GREK 301, Greek Tragedy
      GREK 302, Aristophanes
      GREK 310, Homer
      GREK 320, Herodotus
      GREK 321, Thucydides
      GREK 350, Plato
      ITAL 301, Advanced Grammar and Composition
      JAPN 301, Advanced Japanese I
      JAPN 401, Readings in Japanese I
      LATN 321, Livy
      LATN 340, Roman Oratory
      LATN 350, Roman Comedy
      LATN 360, Roman Elegy
      LATN 370, Ovid
      LATN 380, Petronius
      LATN 420, Lucretius
      LATN 440, Vergil’s Eclogues and Georgics
      LATN 450, Cicero’s Letters
      LATN 460, Roman Satire
      REST 303, History, Memoir, Translation
      REST 306, Advanced Russian
      SPAN 361, Advanced Composition and Stylistics

      Advanced language courses taken abroad on a study group also qualify with approval by the director.

      Other Courses

      ENGL 301, History of the English Language
      ENGL 304, Introduction to Early Medieval Languages of Britain and Ireland
      JAPN 411, Topics in Japanese Linguistics
      PHIL 225, Logic I
      PHIL 342, Philosophy of Language
      PHIL 411, Wittgenstein and the Philosophy of Language
      PSYC 250, Human Cognition
      PSYC 355, Language and Thought
      SPAN 475, Spanish as a Global Language
      SPAN 476, Linguistic History of Spain
      WRIT 210, The Rhetoric of Style
      WRIT 346, Language, Race, and Ethnicity in the United States
      WRIT 347, Language and Gender
Descriptions of courses listed above can be found under appropriate departments.

Students pursuing the linguistics minor are strongly encouraged to undertake a capstone experience. This might consist of an independent study, a thesis presented at the annual end-of-year event, or both. In addition to the advisory board, the following faculty can supervise the capstone experience: Bruce Hansen (psychology), Douglas Johnson (psychology), Alice Nakhimovsky (Russian and Jewish studies), Jay Swain (music), Maura Tumulty (philosophy), Barbara Regenspan (educational studies).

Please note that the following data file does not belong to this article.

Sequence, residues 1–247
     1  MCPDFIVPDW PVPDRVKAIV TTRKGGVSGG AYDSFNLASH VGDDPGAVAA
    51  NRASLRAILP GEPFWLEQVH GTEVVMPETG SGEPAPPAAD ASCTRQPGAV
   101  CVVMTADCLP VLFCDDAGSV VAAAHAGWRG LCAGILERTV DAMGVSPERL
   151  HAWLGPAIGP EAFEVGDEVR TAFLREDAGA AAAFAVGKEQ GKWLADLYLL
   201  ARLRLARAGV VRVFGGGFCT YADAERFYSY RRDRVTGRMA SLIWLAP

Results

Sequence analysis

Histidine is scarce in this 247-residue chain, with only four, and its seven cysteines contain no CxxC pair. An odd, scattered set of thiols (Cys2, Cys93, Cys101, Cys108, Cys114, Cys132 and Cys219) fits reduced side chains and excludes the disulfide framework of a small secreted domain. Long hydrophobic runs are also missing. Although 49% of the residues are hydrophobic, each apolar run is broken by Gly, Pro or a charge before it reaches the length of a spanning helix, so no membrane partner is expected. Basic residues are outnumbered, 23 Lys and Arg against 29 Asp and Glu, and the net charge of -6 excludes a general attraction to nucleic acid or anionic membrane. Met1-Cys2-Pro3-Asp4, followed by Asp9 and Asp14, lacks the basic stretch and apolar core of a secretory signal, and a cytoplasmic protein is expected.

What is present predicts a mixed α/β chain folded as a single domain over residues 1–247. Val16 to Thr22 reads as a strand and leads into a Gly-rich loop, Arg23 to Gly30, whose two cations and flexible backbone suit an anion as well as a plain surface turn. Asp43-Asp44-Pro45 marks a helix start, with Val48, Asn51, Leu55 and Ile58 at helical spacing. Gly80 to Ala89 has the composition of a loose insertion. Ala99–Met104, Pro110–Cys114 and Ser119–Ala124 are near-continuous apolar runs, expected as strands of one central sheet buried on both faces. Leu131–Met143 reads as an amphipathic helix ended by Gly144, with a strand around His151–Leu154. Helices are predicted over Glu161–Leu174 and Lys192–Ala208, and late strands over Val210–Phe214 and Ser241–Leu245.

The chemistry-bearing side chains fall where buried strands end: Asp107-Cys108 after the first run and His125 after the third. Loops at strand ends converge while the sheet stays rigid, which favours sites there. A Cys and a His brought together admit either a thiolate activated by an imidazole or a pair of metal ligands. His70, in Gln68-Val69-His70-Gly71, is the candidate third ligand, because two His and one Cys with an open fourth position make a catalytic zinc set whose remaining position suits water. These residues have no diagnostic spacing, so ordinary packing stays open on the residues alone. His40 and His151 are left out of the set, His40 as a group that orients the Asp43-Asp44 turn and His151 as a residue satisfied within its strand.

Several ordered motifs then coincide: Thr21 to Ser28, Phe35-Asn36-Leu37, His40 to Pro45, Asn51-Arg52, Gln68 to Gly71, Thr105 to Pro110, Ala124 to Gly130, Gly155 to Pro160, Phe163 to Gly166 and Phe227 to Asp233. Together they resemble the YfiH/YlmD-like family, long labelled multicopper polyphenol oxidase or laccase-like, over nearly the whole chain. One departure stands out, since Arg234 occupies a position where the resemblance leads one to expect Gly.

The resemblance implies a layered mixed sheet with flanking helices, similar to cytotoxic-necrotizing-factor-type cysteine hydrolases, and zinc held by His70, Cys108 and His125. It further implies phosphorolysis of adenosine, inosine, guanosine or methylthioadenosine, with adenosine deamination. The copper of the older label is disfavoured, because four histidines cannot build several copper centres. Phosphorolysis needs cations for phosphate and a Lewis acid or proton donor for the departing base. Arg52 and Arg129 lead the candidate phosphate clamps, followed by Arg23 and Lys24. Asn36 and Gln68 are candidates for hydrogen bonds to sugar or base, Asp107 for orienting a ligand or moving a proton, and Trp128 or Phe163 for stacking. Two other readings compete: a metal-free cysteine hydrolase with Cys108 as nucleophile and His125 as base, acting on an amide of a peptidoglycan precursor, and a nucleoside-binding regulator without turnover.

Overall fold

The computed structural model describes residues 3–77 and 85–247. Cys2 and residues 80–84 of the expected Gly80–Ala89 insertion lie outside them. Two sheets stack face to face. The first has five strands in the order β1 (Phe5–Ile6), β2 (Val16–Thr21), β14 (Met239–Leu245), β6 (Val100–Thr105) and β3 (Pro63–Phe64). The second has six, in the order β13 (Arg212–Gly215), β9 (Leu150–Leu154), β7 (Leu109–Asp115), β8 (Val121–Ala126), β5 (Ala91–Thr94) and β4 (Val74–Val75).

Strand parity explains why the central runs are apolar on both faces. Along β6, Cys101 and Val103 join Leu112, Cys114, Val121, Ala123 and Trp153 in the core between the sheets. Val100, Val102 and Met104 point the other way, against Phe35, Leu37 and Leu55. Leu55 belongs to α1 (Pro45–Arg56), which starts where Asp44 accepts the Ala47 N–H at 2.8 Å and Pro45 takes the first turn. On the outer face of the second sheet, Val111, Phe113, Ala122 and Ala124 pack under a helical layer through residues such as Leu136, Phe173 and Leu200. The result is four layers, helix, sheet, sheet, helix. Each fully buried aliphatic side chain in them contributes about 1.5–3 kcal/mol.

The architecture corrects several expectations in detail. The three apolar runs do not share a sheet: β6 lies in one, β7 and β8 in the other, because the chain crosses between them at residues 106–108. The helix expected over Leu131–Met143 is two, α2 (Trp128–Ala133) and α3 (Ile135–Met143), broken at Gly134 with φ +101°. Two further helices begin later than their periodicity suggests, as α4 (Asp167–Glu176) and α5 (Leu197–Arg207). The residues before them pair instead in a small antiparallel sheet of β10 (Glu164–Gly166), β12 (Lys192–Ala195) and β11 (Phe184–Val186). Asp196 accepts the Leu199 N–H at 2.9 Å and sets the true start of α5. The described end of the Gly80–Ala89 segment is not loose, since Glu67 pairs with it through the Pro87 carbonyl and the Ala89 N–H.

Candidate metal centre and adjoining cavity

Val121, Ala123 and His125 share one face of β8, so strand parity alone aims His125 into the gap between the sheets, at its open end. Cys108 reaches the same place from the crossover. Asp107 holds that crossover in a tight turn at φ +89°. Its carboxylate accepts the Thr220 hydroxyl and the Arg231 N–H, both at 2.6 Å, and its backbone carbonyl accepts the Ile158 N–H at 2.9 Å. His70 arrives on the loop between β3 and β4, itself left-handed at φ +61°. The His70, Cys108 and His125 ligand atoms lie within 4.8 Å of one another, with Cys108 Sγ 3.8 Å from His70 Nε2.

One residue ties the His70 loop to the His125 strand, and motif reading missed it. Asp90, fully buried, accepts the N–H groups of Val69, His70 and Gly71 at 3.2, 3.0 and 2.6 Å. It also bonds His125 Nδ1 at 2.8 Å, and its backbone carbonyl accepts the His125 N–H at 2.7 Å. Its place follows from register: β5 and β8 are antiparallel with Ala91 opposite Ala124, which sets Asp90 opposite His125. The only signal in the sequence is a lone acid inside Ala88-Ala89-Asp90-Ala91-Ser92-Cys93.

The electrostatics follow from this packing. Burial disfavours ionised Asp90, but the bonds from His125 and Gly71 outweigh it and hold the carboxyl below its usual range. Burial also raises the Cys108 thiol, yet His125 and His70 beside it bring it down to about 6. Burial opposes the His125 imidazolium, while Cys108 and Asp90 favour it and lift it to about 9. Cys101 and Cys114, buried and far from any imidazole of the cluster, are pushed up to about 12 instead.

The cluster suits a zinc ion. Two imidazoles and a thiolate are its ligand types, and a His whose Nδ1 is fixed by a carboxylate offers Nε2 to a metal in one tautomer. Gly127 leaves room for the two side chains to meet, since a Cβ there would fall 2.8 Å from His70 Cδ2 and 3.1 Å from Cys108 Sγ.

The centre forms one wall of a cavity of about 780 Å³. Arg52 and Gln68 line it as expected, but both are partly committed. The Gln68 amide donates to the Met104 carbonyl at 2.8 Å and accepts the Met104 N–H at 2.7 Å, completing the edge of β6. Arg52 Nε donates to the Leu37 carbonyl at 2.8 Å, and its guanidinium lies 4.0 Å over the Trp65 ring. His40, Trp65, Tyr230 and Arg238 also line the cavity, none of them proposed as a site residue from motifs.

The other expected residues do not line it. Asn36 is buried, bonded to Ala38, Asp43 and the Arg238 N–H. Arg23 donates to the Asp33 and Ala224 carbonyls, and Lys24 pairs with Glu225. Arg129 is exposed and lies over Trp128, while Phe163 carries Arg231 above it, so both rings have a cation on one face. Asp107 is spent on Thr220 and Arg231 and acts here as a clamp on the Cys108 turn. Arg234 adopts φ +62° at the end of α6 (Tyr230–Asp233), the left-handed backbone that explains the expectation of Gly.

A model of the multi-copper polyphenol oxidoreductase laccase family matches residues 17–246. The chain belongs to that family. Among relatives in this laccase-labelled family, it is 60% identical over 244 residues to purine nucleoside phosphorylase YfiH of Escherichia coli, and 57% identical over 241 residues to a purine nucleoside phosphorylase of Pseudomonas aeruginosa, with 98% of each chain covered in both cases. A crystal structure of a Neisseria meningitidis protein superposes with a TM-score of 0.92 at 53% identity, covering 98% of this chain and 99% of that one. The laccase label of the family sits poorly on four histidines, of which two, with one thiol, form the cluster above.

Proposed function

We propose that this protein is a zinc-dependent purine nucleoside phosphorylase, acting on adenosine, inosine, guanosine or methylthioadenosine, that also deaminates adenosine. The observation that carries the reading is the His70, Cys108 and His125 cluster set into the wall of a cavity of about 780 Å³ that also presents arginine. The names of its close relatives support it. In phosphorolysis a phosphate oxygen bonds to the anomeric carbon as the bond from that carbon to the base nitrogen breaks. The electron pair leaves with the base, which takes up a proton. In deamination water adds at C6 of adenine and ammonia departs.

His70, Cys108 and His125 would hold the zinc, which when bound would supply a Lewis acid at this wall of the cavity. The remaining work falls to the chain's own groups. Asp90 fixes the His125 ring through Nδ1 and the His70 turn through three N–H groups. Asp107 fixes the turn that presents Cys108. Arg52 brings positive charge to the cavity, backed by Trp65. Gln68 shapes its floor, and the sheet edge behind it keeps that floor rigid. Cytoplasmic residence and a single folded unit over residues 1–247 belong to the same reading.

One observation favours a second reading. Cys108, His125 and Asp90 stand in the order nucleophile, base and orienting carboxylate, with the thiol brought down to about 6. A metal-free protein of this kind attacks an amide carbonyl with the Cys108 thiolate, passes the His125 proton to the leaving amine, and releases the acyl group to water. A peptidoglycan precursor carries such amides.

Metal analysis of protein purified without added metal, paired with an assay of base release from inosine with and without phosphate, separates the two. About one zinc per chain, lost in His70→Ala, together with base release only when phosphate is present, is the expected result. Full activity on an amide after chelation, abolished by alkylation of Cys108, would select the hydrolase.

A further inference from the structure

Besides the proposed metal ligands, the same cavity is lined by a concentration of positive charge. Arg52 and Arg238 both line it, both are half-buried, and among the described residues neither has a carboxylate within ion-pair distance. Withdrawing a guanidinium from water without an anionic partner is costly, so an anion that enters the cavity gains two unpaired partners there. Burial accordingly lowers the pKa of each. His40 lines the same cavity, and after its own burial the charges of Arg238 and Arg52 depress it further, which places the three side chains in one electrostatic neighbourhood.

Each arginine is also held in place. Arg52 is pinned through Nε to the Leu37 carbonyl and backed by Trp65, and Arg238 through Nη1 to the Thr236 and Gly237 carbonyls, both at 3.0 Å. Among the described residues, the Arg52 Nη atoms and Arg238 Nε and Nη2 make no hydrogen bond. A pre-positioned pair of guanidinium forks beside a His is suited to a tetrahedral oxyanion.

Course Offerings

210 Speaking in Tongues: Linguistics, Language Teaching, and Language Learning
A.D. Nakhimovsky
This course is an introduction to the linguistic principles behind language teaching and language learning. It is designed for students who are interested in how languages work, and also for those who plan to teach English abroad, or might find themselves needing to learn another language quickly, or communicate with people whose knowledge of English is limited. Among the topics considered in the course are phonetics, word structure, syntax, semantics, and the pragmatics of language use; linguistic typology (what kinds of languages are there? what structural patterns exist in what language groups?); and the methods of language learning and teaching, including those involving multimedia and the Internet. The course includes a language-learning unit in which the students learn the Jamaican Creole. The course may also include a service-learning unit, teaching an English-language class in the context of an existing ESL program in Upstate New York, or via distance education. Note: This course is not open to students who have completed CORE 115S, CORE 140S, or CORE 150S. This course is crosslisted as ALST 210.

391, 491  Independent Study